You do not have to be good.
You do not have to walk on your knees
for a hundred miles through the desert repenting.
You only have to let the soft animal of your body
love what it loves.
This is the opening of “Wild Geese,” a poem by Mary Oliver. Oliver, an iconic American poet, has honed the art of sensing and transcribing wildness.
The passage has floated in and out of my life at different times, usually lingering for a few years at a time.
Have you noticed this in your own life? A song, a movie, a book, a quote—something seemingly relevant to your life slides in as a companion at a very specific time. More so, you don’t call it in, it appears on its own. How does the touchstone know when to come in? Have we unknowingly sent some sort of signal requesting its presence?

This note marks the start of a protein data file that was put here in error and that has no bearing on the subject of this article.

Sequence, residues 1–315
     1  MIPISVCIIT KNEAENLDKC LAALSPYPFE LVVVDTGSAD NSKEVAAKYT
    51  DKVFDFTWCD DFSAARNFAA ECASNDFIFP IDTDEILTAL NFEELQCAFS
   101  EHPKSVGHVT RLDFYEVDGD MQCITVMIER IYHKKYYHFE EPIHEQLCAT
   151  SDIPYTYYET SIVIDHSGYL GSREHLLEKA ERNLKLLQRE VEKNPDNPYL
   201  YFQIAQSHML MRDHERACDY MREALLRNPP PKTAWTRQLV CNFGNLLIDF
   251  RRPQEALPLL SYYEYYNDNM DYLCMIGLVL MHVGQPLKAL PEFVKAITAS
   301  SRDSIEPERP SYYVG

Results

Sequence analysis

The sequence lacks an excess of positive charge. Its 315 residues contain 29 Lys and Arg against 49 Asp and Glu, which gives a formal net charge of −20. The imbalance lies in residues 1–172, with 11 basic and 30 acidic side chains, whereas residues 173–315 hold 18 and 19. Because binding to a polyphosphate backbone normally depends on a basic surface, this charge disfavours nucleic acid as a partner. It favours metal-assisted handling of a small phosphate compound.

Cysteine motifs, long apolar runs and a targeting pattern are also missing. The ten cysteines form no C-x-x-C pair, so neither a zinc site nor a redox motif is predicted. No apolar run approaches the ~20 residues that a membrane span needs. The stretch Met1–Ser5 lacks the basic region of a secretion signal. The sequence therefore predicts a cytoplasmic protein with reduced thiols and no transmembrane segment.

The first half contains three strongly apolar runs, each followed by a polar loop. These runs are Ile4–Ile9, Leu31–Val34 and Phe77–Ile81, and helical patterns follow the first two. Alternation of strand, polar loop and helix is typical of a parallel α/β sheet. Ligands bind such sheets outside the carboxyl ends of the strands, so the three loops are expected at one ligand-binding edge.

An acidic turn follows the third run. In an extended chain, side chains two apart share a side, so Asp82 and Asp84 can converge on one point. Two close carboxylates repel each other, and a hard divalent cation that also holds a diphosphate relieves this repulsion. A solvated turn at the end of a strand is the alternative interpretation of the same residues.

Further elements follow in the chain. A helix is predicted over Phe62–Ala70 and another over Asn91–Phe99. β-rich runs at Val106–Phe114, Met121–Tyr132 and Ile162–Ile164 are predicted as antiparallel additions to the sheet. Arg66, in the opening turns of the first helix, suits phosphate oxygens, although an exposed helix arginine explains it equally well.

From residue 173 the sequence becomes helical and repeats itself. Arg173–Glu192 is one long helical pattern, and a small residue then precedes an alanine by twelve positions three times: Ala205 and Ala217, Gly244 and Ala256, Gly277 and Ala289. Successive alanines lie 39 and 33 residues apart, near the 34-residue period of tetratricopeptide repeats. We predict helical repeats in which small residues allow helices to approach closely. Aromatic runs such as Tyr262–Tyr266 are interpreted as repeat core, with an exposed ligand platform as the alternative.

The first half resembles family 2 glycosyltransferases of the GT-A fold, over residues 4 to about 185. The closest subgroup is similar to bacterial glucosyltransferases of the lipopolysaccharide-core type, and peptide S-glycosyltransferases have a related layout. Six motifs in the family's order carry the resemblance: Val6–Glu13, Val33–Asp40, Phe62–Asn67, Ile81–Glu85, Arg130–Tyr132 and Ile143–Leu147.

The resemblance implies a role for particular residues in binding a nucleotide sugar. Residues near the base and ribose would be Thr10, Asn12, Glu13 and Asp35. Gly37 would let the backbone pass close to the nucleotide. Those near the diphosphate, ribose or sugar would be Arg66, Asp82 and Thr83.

When Oliver’s lines come in, I’m reminded that there is a bigger picture than the one I can see. That there is a patterning, an unfolding, and my singular job is to stop the resistance. The incessant mind chatter, the fear, the search for a logical response.
Right now, these words are taped to my studio wall. This does not have to be hard as I am making it.
Anxious is the word of the day, even the year. Perhaps in a visual artist’s version of stage fright, I often feel anxiousness stirring around in my body as I prepare to face the work currently in process, the one that’s trying to stare me down. If not that version, then anxiousness about making the deadline for two solo exhibitions coming up in a year. Or, if not those, anxiousness about the financial solvency in spending so much time in the studio. Choose your flavor: which form of anxiousness do you wish to wrestle with today Anne?
You only have to let the soft animal of your body love what it loves.
Really? Is this true? Do you have proof this is true?
I don’t have proof but Oliver’s declaration, as if it is true, is what I’ve got right now so I’m going with it. For this particular passage